In 1980, another set of postage stamps was issued featuring 4 ships. These were issued for the International Stamp Exhibition “London 1980” held between 6 – 14 May 1980, under the patronage of H.M the Queen. The 4 stamps feature (i) A 25cs, the Emirne, the first steamer of the Messageries Imperiales to operate on the line Mauritius – Reunion – Suez. It performed 10 trips on this line between 1864 – 1866; (ii) A R. 1 stamp features the Boissevain, a 14,000 tons liner, built in Hamburg, which came into service between the Far East and South Africa in 1938. It also provided accommodation to some 400 passengers in 2 classes. It was used as a troop transport during World War II. It’s first visit to Port-Louis was in 1948 and the last one was on the 2nd May 1968; (iii) Rs. 2, featuring the Frigate La Boudeuse, built in Nantes. The French navigator Bougainville undertook his historical voyage around the world in 1767 on board this ship. One of his main objective was to introduce spice plants to Mauritius and Reunion. The famous naturalist Commerson joined the expedition. La Boudeuse reached Mauritius on 8 Nov. 1768; (iv) Rs. 5 depicts the vessel Sea Breeze, a sailing boat of the 19th century, mainly concerned with the transportation of sugar cane to England.
Lloyd’s List is the oldest international newspaper in the world. Since its launch in 1734, the British government allowed mail to be delivered free of charge, provided it carried shipping intelligence and information. Mauritius, together with other Commonwealth countries, issued a series of 4 postage stamps in 1984 to commemorate the 250th anniversary of the newspaper, which is still read today. (i) The 25cs stamp features the wreck of the cargo vessel SS Tayeb on the 12th of February 1972 after the passage of Cyclone Dolly in Mauritius near the shores of Les Salines in Port Louis, against the sand bank of Barkly Island; (ii) the R. 1 stamp features the wreck of S. S Taher in March 1901 off the coast of Port-Louis; (iii) The Rs. 5 stamp shows the 26-gun British ship East Indian Man Triton, which was captured by the privateer Robert Surcouf on 29 January 1796; (iv) The Rs. 10 stamp shows M.S Astor, a german cruise ship, ordered by the Mauritian-based Marlan Corporation.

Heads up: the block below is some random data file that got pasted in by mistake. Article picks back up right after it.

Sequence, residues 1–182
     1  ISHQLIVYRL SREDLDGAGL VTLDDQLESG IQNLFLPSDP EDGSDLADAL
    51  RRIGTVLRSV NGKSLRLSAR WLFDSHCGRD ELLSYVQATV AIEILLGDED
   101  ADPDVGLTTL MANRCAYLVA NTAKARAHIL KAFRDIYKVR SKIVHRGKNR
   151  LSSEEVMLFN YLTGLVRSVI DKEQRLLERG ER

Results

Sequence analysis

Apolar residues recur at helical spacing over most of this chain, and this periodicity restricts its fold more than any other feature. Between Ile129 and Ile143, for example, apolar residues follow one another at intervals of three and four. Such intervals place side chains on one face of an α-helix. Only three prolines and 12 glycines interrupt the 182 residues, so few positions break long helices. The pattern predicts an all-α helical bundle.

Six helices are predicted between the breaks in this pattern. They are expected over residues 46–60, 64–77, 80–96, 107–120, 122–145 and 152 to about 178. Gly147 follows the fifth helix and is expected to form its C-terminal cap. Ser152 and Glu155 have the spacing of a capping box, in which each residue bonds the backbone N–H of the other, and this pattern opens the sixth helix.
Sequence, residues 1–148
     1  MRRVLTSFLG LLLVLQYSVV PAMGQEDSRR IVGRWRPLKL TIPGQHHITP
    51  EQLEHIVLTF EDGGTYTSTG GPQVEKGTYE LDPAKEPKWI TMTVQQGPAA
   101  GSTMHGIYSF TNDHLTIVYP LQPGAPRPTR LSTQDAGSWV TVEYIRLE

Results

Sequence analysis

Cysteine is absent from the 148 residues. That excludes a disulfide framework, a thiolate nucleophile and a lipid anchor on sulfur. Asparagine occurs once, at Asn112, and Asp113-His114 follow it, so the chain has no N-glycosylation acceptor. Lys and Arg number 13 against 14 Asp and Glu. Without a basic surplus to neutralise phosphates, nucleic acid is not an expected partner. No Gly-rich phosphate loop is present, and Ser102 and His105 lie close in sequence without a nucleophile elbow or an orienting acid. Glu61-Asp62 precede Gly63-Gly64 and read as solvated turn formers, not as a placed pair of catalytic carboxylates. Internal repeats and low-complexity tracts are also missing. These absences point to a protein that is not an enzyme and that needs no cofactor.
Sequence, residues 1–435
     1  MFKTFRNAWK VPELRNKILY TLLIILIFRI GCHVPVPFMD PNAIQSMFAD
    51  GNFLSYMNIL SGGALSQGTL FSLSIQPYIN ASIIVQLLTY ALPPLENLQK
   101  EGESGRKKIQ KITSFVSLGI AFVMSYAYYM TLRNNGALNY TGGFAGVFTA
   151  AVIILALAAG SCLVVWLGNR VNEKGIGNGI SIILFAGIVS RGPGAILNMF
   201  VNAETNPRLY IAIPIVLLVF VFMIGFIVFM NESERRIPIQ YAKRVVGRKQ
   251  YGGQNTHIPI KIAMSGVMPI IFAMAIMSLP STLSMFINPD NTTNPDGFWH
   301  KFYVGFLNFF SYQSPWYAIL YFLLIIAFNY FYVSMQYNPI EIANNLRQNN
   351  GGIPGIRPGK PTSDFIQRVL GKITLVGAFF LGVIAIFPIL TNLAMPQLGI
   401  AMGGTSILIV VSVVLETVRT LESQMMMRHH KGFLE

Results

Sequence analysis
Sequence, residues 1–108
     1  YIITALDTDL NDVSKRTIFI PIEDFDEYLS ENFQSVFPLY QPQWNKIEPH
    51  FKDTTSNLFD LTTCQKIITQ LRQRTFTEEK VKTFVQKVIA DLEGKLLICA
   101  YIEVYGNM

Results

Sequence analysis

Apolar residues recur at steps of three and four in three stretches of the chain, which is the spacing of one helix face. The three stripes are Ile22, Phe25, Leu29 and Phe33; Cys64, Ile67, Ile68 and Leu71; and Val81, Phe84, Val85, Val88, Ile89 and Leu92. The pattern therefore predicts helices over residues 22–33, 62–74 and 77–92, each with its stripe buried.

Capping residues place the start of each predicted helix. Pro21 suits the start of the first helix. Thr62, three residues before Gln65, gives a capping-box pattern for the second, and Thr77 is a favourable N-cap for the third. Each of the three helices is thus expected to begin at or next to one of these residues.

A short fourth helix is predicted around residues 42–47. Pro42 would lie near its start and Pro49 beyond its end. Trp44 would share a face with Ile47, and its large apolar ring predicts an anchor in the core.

Mauritius: on the route of great explorers
In 1997, a set of 5 postage stamps was issued to mark a series of anniversaries and events. The R. 1 stamp represents Jean Francois de Galaup, Comte de Lapérouse. He lived for some years in Mauritius (and married a Mauritian, that he met in 1774) but was later commissioned by the King to carry out scientific and exploration trip around the world.
Charles Darwin, the world famous English naturalist, geologist and biologist, best known for its contribution to the science of evolution, undertook a survey voyage around the world on board HMS Beagle, pictured on the Rs. 10 stamps of the 1982 stamp issue, commemorating the voyage of Darwin. The ship anchored at Port-Louis, Mauritius on 29 April 1836.
On 13 June 2001, a set of 4 postage stamps was issued to commemorate the bicentenary of Baudin Expedition. In 1800, Napoleon Bonaparte, commissioned Post-Captain Nicolas Baudin, to explore the South West, West and Northern coastline of New Holland (today Australia). As the observations were to be conducted in the fields of geography and natural history, the leading ship was names Géographe, and its consort vessel, Naturaliste. A third vessel was called Casuarina. The expedition sailed on 19 October 1800 from the French port of Le Havre and reached Isle de France on 16th March 1801. When the expedition sailed again on 25th April, a number of scientists stayed on the island. On its way back to France in 1803, the expedition called again at Isle de France. (i) The Re. 1 portrays the two ships Géographe and Naturaliste; (ii) Rs. 4 depicts the route taken by the ships on their inward and outward journeys, and portrays Baudin (who died in Port-Louis in Sep 1803).
Mauritius and World War II
In 1995, a set of 3 postage stamps to commemorate the 50th anniversary of the end of World War II was released. In 1941, hundreds of Mauritians left Port-Louis on board the Talamba for Egypt, where they served in the war. This set of stamps with a unique denomination of three Rs. 5 stamps, pays tribute to those soldiers dead or alive, who contributed with their blood, sweat and toil in bringing peace in the world. This Rs. 5 portrays HMS Mauritius, a cruiser equipped with 12 six-inch guns and 8 four-inch guns. It participated in the invasion of Sicily in July 1943 and in D-Day landing in Normandy on 6 June 1944.
The second part of this blog will talk about maritime transport in modern Mauritius